Energy Critical Elements and, Well, Gravel

August 6, 2014


“Critical doesn’t simply mean important,” stated Rep. Rush Holt (D-NJ-12th) in his opening remarks during the House Subcommittee on Energy and Mineral Resources’ July 23 hearing titled “American Metals and Mineral Security: An examination of the domestic critical minerals supply and demand chain.”

So what does “critical” mean when discussing minerals legislation on Capitol Hill? Put simply, it depends on whom you ask. And its definition is impacting the fate of legislation in the U.S. House of Representatives.

H.R. 1022 introduced by Rep. Eric Swalwell (D-CA-15th) uses the term “energy critical element,” or ECE, coined by the American Physical Society (APS) and the Materials Research Society (MRS) in their 2011 joint report: “Energy Critical Elements: Securing Materials for Emerging Technologies.” ECEs are defined in the APS-MRS report and H.R. 1022 as elements that are essential to developing next-generation energy technologies and have a high risk of supply disruption; a shortage of ECEs could significantly hinder the large-scale deployment of otherwise game-changing energy technologies.

Swalwell’s bill aims to bolster the domestic supply of ECEs using a multi-pronged approach. The bill authorizes a research and development program focused on exploration, reuse, and recycling of ECEs and establishes an effort to collect, catalogue and disseminate information on ECEs across the supply chain.

Unfortunately, the definition of critical in Swalwell’s legislation – which only encompasses a small number of elements – appears to be too narrow for the more than 140 House Republicans who voted against the bill when it came to the floor July 22.

If H.R. 761 (Amodei, R-NV-2nd) is any indication, the House majority party prefers a much broader definition of critical. H.R. 761 passed the House in September 2013 with “strategic and critical minerals” broadly defined to include any minerals that are necessary for national defense, national security, the Nation’s energy infrastructure and the Nation’s economic security or to support domestic manufacturing, agriculture, housing, etc.

The contrast between the definitions is stark, and Rep. Holt shared his thoughts on the broad meaning of “critical minerals” in H.R. 761 during the July 23 hearing. Holt opined, “…It’s a meaningless definition. It ignores the other part of what makes a mineral truly critical. As the National Academy of Sciences has pointed out, a mineral is critical when it performs an essential function for which there is no substitute, and when there is a high probability of its supply being restricted…”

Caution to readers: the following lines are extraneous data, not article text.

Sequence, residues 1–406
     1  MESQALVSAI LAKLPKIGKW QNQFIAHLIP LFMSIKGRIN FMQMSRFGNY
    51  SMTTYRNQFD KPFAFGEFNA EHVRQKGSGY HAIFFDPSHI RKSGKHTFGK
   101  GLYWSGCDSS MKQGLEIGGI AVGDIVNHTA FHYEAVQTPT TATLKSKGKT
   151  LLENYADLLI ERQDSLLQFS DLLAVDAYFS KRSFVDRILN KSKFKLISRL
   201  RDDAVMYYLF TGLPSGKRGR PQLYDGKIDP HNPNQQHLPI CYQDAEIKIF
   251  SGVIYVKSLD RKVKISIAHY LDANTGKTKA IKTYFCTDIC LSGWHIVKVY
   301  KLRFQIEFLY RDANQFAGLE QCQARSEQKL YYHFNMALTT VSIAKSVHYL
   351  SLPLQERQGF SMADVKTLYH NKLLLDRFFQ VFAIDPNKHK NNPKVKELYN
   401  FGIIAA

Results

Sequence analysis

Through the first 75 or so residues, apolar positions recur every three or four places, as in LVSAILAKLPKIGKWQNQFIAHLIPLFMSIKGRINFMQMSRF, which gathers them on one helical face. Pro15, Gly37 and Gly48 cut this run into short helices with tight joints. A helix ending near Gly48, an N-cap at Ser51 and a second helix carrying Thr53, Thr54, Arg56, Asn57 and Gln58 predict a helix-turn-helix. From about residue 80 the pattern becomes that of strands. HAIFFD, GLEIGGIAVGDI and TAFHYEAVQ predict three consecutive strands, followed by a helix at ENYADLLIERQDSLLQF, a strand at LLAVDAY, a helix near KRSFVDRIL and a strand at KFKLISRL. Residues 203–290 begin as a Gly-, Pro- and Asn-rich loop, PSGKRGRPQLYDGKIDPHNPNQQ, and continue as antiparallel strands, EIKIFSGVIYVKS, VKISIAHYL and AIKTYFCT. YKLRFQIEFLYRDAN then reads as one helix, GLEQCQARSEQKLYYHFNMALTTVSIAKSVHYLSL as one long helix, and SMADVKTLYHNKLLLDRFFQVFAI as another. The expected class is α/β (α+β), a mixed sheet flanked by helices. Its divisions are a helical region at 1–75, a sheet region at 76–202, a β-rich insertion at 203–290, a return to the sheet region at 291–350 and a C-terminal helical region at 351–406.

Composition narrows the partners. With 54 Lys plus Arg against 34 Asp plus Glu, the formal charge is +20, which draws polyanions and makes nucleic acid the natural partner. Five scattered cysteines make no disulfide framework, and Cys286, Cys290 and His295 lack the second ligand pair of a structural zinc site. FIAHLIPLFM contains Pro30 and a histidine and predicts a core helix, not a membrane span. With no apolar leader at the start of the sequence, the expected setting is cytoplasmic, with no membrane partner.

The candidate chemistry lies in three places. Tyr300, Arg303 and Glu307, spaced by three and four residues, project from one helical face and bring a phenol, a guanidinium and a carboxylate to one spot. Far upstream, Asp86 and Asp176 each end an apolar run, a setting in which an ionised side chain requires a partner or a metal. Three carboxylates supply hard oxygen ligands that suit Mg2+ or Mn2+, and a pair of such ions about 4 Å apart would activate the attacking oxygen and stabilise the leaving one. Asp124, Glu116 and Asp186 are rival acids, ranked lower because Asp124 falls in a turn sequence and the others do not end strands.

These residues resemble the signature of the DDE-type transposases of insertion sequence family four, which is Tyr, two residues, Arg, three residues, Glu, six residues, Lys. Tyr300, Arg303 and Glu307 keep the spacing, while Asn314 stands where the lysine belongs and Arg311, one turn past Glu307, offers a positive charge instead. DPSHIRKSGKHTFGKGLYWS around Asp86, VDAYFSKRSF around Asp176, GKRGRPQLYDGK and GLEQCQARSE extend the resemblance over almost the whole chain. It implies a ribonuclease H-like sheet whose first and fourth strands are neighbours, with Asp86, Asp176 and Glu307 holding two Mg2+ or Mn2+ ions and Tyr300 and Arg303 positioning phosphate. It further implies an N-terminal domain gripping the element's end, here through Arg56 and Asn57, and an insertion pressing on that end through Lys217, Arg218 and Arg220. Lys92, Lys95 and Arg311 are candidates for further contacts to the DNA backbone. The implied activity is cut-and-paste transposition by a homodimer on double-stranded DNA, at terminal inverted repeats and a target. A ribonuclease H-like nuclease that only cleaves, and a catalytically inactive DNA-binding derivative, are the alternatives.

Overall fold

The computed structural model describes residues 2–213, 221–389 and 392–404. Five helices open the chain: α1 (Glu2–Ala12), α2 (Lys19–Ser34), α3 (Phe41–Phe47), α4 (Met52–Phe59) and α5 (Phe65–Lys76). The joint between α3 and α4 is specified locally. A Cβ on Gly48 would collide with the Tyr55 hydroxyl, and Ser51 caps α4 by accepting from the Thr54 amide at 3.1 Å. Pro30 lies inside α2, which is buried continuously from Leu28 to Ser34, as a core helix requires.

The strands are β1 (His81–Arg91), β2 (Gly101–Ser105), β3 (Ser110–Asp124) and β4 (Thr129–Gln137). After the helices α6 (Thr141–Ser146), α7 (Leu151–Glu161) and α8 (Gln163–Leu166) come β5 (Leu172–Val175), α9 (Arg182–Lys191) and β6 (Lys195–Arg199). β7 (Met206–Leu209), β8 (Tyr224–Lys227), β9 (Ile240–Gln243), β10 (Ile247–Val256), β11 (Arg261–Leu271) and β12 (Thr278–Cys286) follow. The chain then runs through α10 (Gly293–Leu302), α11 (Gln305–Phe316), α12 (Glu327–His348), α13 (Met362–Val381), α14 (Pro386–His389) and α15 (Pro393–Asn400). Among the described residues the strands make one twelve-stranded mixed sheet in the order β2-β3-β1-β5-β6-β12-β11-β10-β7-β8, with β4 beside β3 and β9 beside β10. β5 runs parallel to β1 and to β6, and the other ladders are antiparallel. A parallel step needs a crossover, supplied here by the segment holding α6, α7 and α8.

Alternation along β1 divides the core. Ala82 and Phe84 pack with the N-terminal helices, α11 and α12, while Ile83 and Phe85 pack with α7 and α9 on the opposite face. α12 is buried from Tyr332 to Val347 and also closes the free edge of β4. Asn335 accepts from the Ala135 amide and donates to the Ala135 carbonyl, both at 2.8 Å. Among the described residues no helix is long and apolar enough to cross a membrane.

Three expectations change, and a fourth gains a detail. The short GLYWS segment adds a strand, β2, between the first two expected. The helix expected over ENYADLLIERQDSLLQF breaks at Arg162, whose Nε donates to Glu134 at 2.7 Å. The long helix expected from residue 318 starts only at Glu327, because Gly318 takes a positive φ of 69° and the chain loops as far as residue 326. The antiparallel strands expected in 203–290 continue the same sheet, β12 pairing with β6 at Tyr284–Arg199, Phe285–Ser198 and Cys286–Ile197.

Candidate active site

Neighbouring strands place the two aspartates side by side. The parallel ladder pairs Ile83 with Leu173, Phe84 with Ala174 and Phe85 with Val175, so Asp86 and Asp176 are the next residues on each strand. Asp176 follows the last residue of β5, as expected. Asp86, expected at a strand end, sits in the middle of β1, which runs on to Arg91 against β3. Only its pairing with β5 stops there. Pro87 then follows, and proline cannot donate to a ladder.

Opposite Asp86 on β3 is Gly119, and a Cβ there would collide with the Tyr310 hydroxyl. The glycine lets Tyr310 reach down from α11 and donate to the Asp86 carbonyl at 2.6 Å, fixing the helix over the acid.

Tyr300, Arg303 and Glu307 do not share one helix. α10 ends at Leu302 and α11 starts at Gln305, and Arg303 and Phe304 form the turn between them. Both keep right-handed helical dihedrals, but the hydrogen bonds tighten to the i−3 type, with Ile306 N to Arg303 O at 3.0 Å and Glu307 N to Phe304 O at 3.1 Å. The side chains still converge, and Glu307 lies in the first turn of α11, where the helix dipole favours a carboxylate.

Holt continued, “Just to say a mineral is critical because it is important makes it impossible to tell the difference between neodymium and gravel. Neodymium is a rare-earth metal essential for wind turbines and hybrid vehicles, and we are hugely-dependent on China for that mineral as it stands now. Gravel is, well, gravel.”

With Swalwell’s bill failing to pass the House and H.R. 761 stalled in the Democrat-controlled Senate, there is no clear path forward for legislation impacting the vast majority of critical minerals, regardless of how they are defined.

That said, one energy critical element, helium, continues to be an interest of many people. While the Helium Stewardship Act of 2013 extends the lifetime of the Federal Helium Reserve until potentially 2021, many academic users currently struggle to procure reliable and affordable liquid helium, and there is no program planned for federal users once the reserve shuts down. In an effort to help current academic users, APS is partnering with the Defense Logistics Agency (DLA) to create a pilot program aimed at improving liquid helium purchasing for academics. And Congress may already be looking to the future; Reps. Doug Lamborn (R-CO-5th) and Doc Hastings (R-WA-4th) recently introduced a discussion draft titled “American Helium Security Act of 2014” that, in addition to easing the permitting process, would also establish a royalty in-kind helium program to help mitigate the closing of the Federal Helium Reserve.

The APS Office of Public Affairs (OPA) will continue to advocate for the policy recommendations put forth in the APS-MRS report on energy critical elements, which are centered on information, research and recycling. Additionally, OPA is administering the liquid helium purchasing pilot program with DLA and will continue working with Congress and the Administration on the issue.

Readers interested in learning more about the liquid helium purchasing program should contact Mark Elsesser ( for more information.

Policy news and viewpoints for the physics community. The analysis and opinions are those of the APS Office of Public Affairs and do not necessarily represent the entire Society.